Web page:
>really have, independent of whether our guesses and hypotheses
>agree or disagree.
>(2) I deliberately didn't mention it in my long note but, from a
>UI design standpoint, I'd like to see Firefox do two additional
>One is to provide a switch that permits a user to say "I think
>I'm smarter than you are and am willing to take responsibility
>for that belief and its consequences".  If set in this case (it
>should obviously be off by default), it should simply disable
>all of the "display algorithm" stuff, causing the browser to
>display whatever it can in native character form.  From my point
>of view, similar switches in other browsers to disable _their_
>algorithms and approaches to the problem would be a good idea
>too.  For reasons that I think I understand, I don't expect
>Mozilla to provide that switch (or perhaps to provide it and
>make it hard for any but the most sophisticated users to find),
>but I still think it would be a good idea.
>The second, and even more important, is that I believe the
>browser should provide a very accessible, very easy-to-use,
>transcoder for these labels.  The best UI may differ among
>browsers and platforms, but, as an example for desktop machines,
>I'd like to be able to right-click on a domain name or label or
>even highlighted/ selected string and have all three of U-label
>form, A-label form, and a list of Unicode code points (in U+NNNN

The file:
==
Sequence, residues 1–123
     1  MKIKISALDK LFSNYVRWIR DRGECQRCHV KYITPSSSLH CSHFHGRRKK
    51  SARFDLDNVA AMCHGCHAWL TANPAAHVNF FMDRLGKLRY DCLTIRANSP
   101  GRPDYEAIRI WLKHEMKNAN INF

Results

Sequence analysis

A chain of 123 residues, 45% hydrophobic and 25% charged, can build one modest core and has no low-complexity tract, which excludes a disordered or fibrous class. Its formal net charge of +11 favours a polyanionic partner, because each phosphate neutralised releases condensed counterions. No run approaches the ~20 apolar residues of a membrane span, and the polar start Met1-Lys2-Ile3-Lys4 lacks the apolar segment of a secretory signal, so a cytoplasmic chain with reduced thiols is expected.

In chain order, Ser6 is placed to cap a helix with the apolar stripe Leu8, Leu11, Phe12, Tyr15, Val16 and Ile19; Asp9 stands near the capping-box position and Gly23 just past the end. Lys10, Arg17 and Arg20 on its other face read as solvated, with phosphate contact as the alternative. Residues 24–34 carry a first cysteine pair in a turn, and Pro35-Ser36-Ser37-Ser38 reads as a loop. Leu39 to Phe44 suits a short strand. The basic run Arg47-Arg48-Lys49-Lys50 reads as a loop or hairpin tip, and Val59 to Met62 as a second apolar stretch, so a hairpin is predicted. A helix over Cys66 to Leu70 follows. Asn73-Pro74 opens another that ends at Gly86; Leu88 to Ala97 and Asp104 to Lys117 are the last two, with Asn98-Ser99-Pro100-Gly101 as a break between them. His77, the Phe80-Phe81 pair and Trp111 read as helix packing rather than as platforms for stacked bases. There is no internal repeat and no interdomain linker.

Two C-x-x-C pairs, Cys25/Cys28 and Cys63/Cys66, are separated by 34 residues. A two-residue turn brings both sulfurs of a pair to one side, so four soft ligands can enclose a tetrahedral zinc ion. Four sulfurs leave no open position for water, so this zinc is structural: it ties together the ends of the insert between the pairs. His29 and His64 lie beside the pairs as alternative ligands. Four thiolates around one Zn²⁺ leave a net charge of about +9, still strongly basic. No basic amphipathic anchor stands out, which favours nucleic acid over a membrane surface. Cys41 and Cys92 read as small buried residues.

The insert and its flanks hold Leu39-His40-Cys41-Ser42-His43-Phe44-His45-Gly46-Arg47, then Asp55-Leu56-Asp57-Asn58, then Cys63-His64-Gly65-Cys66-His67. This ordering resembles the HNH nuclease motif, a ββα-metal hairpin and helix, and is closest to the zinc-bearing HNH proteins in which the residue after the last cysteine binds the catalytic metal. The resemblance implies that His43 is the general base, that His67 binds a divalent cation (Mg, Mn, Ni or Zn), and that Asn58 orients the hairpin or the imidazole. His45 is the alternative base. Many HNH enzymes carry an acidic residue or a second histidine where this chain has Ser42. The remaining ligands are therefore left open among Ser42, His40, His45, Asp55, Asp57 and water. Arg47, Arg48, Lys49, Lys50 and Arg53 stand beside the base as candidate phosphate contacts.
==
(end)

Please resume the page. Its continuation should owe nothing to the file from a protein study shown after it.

>or \u'NNNN' form) easily available.  For the user who does know
>what is going on (or who can learn) that particular
>tool/facility is likely to be far more useful in the long run
>than any collection of "we know more about this than you do and
>are here to protect you" tools.  For what I think Gerv believes
>is the more typical user (and he is probably right) such a tool
>is, at worst, another feature like "display source" that will
>never be used.
>If I have to copy a string and carry it to another tool, the
>value of the approach goes down significantly, not just because
>the inconvenience might discourage me from checking strings I
>ought to check, but because the uncertainties of copy-and-paste
>operations might yield false results.
>As a trivial, ASCII-only, example, if I see "rn" on a small
>screen and in poor light, it would be a huge advantage to be
>able to be able to get the browser to show me code points that
>would tell me if I'm looking at U+006D or at U+0072 U+006E.
>Similar examples for far more complex IDN cases should be
>obvious.  For that set of examples, the code point list is
>likely to be a lot more useful than an A-label.  There will
>likely be other cases where the A-label (or the U-label if the
>A-label is displayed) will be more useful.  FWIW, such a
>facility will, IMO, become even more important if we start
>seeing wide deployment of non-trivial IRIs (and, for them,
>%-encoded UTF-8 needs to be on the list of forms that can be
>seen or obtained too).
> > This is why I suggest that your mail is published as an
> > extension of RFC 5895.
>I actually don't think it has much to do with 5895.  Independent
>of that, if others think it is useful enough, I could certainly
>put it together either as an I-D  that might lead to an RFC or
>as an article for publication elsewhere.   At least at this hour
>of the night, I'd guess the latter might be more appropriate, if
>only because the IETF and the RFC Series rarely go that far down
>the path toward UI design.
>    john